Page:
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Deploying on Cloudless (Part 3)

The past few posts have been about creating and testing the Cloudless modules we need to deploy our static site, but now we get to see how it all comes together.

This diagram was generated from Cloudless itself, and shows the architecture we are building:

Statis Site Architecture Digram with Consul and Single Web

Note that there’s a Consul service that is not internet accessible, but the web servers can access it on the Consul port (8500). The web servers are accessible to the internet on https port 443 and on http port 80, which will redirect to https on port 443.

Most of the code for this post can be found in this pull request, so check there if you want to see how this all comes together in the end.

Creating The Network

This part is easy. All we need is a network configuration file, which is empty because the defaults are fine for us (default is to create a network of size 2^16, or 16 bits). Then we run our deployment command with the empty file:

$ cldls network create cloudless network.yml
Created network: cloudless
$ cldls network get cloudless
Name: cloudless
Id: vpc-00000000000000000
Region: us-east-1

Now we have our network! Note it doesn’t matter whether you’re using AWS or GCE. This step will be exactly the same.

Consul Deployment

Now it gets interesting. Remember in part 1.5 of this series, we created a Consul module. Well now we are actually going to use it. Until is done, we can only deploy module code from our local machine, so we have to check out a git submodule:

$ git submodule add

Now that we have this checked out we can deploy Consul!

$ cldls service create --count 1 cloudless consul-1 example-consul/blueprint.yml
Created service: consul-1 in network: cloudless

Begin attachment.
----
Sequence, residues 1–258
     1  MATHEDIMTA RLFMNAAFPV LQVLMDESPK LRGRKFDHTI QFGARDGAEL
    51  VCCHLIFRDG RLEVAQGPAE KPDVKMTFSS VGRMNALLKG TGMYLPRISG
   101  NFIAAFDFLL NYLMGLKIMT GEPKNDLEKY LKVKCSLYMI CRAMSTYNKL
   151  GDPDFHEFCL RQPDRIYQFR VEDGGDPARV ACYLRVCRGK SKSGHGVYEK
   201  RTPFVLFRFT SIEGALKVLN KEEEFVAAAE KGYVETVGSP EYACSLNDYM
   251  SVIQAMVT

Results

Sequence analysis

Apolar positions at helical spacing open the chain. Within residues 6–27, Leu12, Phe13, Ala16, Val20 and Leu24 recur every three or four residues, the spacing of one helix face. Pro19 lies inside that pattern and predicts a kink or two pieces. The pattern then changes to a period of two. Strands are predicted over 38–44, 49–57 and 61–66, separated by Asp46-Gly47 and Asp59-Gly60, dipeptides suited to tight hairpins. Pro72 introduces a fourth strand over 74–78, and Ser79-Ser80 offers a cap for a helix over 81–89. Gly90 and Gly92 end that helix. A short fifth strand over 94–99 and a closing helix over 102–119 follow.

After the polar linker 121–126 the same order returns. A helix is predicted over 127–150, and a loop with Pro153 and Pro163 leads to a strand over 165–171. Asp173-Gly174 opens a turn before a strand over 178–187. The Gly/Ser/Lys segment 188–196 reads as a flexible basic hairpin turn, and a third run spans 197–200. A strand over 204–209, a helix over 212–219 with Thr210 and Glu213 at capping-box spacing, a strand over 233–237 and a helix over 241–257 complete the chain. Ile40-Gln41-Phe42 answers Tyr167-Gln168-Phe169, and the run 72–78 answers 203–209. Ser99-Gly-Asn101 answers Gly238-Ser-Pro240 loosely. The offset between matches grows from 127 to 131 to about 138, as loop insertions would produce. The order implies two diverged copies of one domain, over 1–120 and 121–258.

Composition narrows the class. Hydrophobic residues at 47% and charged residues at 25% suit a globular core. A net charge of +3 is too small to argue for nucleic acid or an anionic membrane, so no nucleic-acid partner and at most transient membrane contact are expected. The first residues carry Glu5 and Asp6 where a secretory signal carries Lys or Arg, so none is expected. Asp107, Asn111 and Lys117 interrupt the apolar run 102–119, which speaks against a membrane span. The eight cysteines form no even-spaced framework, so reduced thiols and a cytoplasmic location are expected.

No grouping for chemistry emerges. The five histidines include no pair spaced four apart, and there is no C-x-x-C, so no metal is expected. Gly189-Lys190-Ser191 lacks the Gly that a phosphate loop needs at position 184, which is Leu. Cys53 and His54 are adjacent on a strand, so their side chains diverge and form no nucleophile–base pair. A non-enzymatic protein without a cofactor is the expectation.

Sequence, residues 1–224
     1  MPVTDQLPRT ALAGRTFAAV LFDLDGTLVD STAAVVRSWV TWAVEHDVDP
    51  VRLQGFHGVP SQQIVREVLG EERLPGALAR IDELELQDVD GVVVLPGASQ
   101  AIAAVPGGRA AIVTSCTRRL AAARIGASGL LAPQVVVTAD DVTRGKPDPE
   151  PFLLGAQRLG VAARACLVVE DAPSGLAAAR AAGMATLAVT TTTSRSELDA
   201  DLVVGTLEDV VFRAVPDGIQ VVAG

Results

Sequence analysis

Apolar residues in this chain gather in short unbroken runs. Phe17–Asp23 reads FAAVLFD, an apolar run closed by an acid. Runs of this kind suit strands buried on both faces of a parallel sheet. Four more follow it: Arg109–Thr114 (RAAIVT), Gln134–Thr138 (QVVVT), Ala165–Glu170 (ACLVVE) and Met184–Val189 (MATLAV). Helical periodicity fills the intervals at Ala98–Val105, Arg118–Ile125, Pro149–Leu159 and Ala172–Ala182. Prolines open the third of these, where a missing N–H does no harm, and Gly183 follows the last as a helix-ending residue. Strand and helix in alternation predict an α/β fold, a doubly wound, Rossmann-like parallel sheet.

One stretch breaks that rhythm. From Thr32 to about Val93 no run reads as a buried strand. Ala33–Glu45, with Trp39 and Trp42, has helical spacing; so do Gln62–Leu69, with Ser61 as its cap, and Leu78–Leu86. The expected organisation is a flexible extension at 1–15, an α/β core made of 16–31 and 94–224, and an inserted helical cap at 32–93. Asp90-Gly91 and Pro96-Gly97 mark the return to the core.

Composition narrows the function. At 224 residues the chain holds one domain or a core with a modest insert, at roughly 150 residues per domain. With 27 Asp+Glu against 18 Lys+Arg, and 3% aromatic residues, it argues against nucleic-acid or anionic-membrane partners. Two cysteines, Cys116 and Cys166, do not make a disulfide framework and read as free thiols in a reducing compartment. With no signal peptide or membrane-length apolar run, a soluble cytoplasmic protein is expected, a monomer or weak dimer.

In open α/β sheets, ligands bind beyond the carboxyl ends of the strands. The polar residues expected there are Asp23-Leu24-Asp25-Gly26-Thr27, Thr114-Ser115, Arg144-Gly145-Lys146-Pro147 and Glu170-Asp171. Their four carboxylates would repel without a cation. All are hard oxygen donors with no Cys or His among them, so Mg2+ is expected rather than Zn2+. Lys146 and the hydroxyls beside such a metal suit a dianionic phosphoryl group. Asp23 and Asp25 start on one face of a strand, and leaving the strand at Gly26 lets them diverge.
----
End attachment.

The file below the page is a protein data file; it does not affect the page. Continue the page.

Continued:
And now we’ve deployed the Consul server we will use to store our secrets. Let’s configure it to work with our site.

Consul Configuration

Now that we have a Consul service running, we need to store the proper configuration. For that we need to start by cloning the example static site module we wrote in part 2:

$ git submodule add

Remember in part 2 when we wrote an integration test for our static site? Well, one of the things that integration test had to do in order to work properly was set up Consul, which happens to be exactly the code that we need now.

In this pull request I factored that setup out into a separate script, so the integration test now looks something like:

from helpers.setup_consul import setup_consul, check_environment
setup_consul(consul_ips, "", use_sslmate=use_sslmate,

It doesn’t seem like much, but this means we can use this script outside the integration test. For us, this looks like:

# Get my IP for whitelisting
MY_IP_ADDRESS=$(curl --silent
# Allow my IP to connect
cldls paths allow_network_block cloudless consul-1 $MY_IP_ADDRESS 8500
# Get the IP of the Consul node
CONSUL_IP=$(cldls service get cloudless consul-1 | grep public_ip | awk -F: '{print $2}')
# Run the configuration script
python example-static-site/helpers/ $CONSUL_IP both
# Disallow my IP
cldls paths revoke_network_block cloudless consul-1 $MY_IP_ADDRESS 8500

The configuration script will upload all the necessary secrets to Consul that the web servers need to deploy. And the best part is that this code is actually covered by our tests!

Web Service Deployment

Up until this point we used the Cloudless command line, but for the web service deployment, we’ll use the Cloudless python API directly. In the end, this is a single python script that’s less than 70 lines in total. You can find it here if you want to see the whole thing.

First, remember that this pull request factored out the health check into a separate script, so the integration test looks something like this:

from import check_health
expected_content = "Cloudless"
services = [{"public_ip": i.public_ip, "private_ip": i.private_ip}
            for s in service.subnetworks for i in s.instances]
check_health(services, expected_content, use_datadog, use_sslmate)